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Digimon World
Score: 78%
ESRB: Teen
Publisher: Bandai
Developer: Bandai
Media: CD/1
Players: 1
Genre: RPG/ Fighting

Graphics & Sound:
The graphics in Digimon World are actually quite good. The main character’s model is rather bland; a young kid with a hat on, but the various Digimon that he can control are interesting. My personal favorite was the Centarumon, with his hooves clacking away on the ground. The world itself is statically-rendered 3D, a la Final Fantasy VII, and is generally nothing to write home about. It feels a little too, shall I say, digital, although that could be because it’s sort of part of the game... kinda. Uh, anyway. The FMV is passable, although I thought the character design was pretty obnoxious in it -- but this game isn’t really being made for me, is it?

The sound in the game is alright. At times it can be incessantly cute, with chortles and cheers (‘Yak-Ta!’) in battles and whatnot, but once you get a cooler Digimon, they don’t sound so damned cute. My Centarumon had nice grumbly metallic noises, which I liked. The music is completely unmemorable, to be honest, and I couldn’t hum a bar of it to save my life. There’s nothing too spectacular about the presentation of Digimon World.

There’s nothing too spectacular about the gameplay, either. Digimon World is basically a Pokémon clone (although people in the know might remember the Tamagotchi, one of Bandai’s earlier efforts, which Digimon World more closely resembles.) Yes, there are RPG elements, as you explore File Island in search of Digimon to bring back the splendor of File City, but a lot of the time is spent chastising or cheering your Poké... Digimon, and getting him to go to the bathroom. It was entertaining with the Tam, because it was with you all the time and it actually made you pay attention, but in a video game, it seems like these sort of micromanagement things just extend the gameplay artificially. I hate having to run back to a toilet so my Digimon can poop. Bah.

It wouldn’t be so bad if the RPG elements were entertaining, but they’re barely passable. As the game goes, your Digimon evolves. You can also train him at various sites, which increase his stats, and you can have him fight, which gets you both money and increased statistics. In battle, you start off only being able to run or let the Digimon do what he wants. Increase his intelligence enough, and you can suggest defending or fighting. Still, it’s nowhere near as interactive as I would have liked, and sometimes I screamed in frustration as the Digimon never used the stronger attacks that I knew he had. As you fight, a ‘Finish!’ meter fills up, and you can pump the buttons to blast the enemy with a strong attack once it’s all the way full. Entertaining, but nothing special.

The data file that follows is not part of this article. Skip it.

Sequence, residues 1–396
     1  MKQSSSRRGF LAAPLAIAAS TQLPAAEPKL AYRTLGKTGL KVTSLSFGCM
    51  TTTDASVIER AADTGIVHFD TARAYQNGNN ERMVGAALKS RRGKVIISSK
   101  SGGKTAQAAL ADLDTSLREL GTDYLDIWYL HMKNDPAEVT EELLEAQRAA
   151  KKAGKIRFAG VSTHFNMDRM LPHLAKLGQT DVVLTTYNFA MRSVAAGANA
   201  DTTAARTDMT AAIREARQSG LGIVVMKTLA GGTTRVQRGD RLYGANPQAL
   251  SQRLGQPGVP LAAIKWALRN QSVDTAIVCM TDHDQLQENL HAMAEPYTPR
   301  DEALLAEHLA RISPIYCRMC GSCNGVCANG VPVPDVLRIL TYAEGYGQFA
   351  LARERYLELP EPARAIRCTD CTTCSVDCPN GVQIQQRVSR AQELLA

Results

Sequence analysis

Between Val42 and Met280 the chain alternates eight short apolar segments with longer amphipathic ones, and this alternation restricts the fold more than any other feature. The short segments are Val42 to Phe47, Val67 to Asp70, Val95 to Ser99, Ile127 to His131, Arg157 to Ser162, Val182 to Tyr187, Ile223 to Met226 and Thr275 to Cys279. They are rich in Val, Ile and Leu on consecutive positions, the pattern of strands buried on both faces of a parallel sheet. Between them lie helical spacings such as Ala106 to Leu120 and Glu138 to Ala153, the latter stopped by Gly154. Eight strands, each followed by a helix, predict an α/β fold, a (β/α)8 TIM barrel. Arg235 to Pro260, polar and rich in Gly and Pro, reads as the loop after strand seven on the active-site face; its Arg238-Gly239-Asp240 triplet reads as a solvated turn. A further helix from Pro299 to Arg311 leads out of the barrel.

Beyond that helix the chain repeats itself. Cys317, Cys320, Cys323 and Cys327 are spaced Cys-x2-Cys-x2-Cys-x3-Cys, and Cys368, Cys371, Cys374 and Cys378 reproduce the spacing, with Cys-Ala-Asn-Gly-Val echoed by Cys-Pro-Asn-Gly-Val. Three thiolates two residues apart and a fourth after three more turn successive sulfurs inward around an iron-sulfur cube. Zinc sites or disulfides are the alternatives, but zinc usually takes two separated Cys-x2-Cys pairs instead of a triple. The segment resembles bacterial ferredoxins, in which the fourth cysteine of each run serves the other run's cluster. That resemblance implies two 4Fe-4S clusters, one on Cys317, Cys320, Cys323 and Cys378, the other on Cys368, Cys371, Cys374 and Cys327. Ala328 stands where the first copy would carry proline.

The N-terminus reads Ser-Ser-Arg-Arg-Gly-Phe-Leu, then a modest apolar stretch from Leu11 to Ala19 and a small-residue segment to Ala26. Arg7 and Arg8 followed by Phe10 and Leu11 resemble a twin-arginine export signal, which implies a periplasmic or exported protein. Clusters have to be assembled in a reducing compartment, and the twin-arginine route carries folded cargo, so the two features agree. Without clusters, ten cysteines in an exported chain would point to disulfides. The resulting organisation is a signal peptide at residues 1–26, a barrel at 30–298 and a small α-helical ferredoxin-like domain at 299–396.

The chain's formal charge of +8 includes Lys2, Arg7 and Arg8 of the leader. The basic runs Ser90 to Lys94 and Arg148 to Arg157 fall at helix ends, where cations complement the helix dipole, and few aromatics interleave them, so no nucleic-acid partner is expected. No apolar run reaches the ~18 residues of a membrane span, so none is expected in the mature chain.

Other problems crop up with the game. There are some odd bugs -- text will stop for a second, and then keep going. There were other bugs in the prerelease version, but most of them seem to have been quashed since I first played this game.

I felt that I may not have given this game a fair shake the first time around, so I started playing it again, and it really didn’t feel much better. The load times were noticeably improved (probably because my aging PlayStation has problems with copies), but I still found the incessant Tamagotchism embedded in the otherwise relatively solid Pokémon-style gameplay irritating, and the plot still felt insipid and pointless.

To be fair, this game is being marketed at kidlets who are really interested in this sort of thing, though.

If you don’t properly train your Digimon, prepare to be whomped... a lot. As the game goes, and your Digimon digivolves (digitally, ugh), he can take on a few more enemies before having to run and get healed. The game itself isn’t all that difficult, if you’re willing to put in the time to train your Digimon, which isn’t exactly enthralling.

Game Mechanics:
The controls are alright, with a simple menu-based interface to check on your Digimon’s stats and praise or scold him. You can also set which special moves he can use, which is a rather neat trick. But Digimon World just isn’t up to par. As an RPG, it lacks any real soul. The translation is bad, and the gameplay is almost nonexistent. If you’re a big fan of the digital-raising genre, you might want to pick up Digimon World. If you’re a fan of the portable game or the animated feature, chances are you’ve already picked it up. But for those of us not enthralled by either of these, there are better ways to spend your money this summer.

-Sunfall to-Ennien, GameVortex Communications
AKA Phil Bordelon

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